Parliaments of the Australian states and territories
The Parliaments of the Australian states and territories are legislative bodies within the federal framework of the Commonwealth of Australia.
All the parliaments are based on the Westminster system, and each is regulated by its own constitution. Queensland and the two territories have unicameral parliaments, with the single house being called Legislative Assembly. The other states have a bicameral parliament, with a lower house called the Legislative Assembly (New South Wales, Victoria and Western Australia) or House of Assembly (South Australia and Tasmania), and an upper house called the Legislative Council.
Before the formation of the Commonwealth in 1901, the six Australian colonies were self-governing colonies, with parliaments which had come into existence at various times between 1825, when the New South Wales Legislative Council was created, to 1891, when Western Australia became the last of the colonies to gain full self-government.
The colonies ratified the Constitution of Australia, becoming States of the Commonwealth in the new federation, and ceding certain of their legislative powers to the Commonwealth Parliament, but otherwise retaining their self-governing status with their own constitutions and parliaments. The state parliaments were all created by legislation of the British Imperial Parliament, and their original constitutions were contained in Acts of that Parliament; however now the power to amend state constitutions resides with the respective state parliaments, in accordance with its constitution. The Commonwealth Parliament cannot amend a state's constitution.
The Australian Capital Territory and the Northern Territory, by contrast, are territories of the Commonwealth, and their parliaments were created by way of legislation of the Commonwealth Parliament. Although the Commonwealth treats the territories as though they were states for many purposes, they are not states, and the legislative powers of their parliaments can be altered or even abolished by the Commonwealth Parliament. The Commonwealth can also overturn legislation passed by the territory parliaments.
States and territories
New South Wales
The Parliament of New South Wales is a bicameral legislature comprising the New South Wales Legislative Council, the Legislative Assembly and the Queen, represented by the Governor of New South Wales. The Legislative Council has 42 members elected for eight-year terms with half the members facing re-election every four years. They are elected by proportional voting with the whole state being one electorate. The Legislative Assembly has 93 members elected for four-year terms from single-member constituencies, using optional preferential voting.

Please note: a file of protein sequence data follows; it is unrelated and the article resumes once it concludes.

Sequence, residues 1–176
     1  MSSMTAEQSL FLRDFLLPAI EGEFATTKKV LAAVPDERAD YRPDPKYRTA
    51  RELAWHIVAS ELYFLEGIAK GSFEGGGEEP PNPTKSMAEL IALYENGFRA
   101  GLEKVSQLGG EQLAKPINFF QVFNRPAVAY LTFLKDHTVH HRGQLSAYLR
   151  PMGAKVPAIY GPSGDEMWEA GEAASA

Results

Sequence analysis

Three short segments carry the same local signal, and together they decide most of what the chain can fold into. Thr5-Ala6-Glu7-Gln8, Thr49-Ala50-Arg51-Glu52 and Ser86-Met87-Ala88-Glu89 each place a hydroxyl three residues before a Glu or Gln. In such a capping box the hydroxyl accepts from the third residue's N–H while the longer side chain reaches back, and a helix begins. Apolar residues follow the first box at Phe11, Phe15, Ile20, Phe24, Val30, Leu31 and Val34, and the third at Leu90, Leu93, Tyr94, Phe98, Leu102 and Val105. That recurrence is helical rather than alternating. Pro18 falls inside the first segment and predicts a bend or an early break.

The Parliament of Victoria is a bicameral legislature comprising the Victorian Legislative Council, the Legislative Assembly and the Queen, represented by the Governor of Victoria. The Legislative Council has 40 members, elected for four-year terms, elected from eight multi-member constituencies, each with five members, using proportional voting. The Legislative Assembly has 88 members elected for fixed four-year terms from single-member constituencies, using preferential voting. Voting is compulsory, and elections take place on the third Saturday of November every four years.
The Parliament of Queensland is a unicameral legislature comprising the Legislative Assembly and the Queen, represented by the Governor of Queensland. The Legislative Assembly has 93 members elected for fixed four-year terms in single-member constituencies using preferential voting. Voting is compulsory, and elections take place on the last Saturday of October every four years.
The Parliament of South Australia is a bicameral legislature comprising the South Australian Legislative Council and the House of Assembly. According to the South Australian Constitution, unlike the Federal Parliament, and the parliaments of the other states and territories of Australia, neither the Sovereign nor the Governor is considered to be a part of the South Australian Parliament. The Legislative Council has 22 members, elected for eight-year terms by proportional voting with half the members facing re-election every four years, and the House of Assembly which has 47 members, elected for four-year terms from single-member constituencies, using preferential voting. Voting is compulsory.
The Parliament of Western Australia is a bicameral legislature comprising the Western Australian Legislative Council, the Legislative Assembly and the Queen, represented by the Governor of Western Australia. The Legislative Council has 36 members, elected for fixed four-year terms from six multi-member electoral regions by "community of interest" —3 metropolitan and 3 rural—each electing 6 members by proportional voting. There is a significant malapportionment in the Legislative Council in favour of rural regions. The Legislative Assembly has 59 members, elected for fixed four-year terms from single-member constituencies, using preferential voting. Voting is compulsory, with elections being held every four years on the second Saturday in March, though the term of the Legislative Council does not expire until May after the election.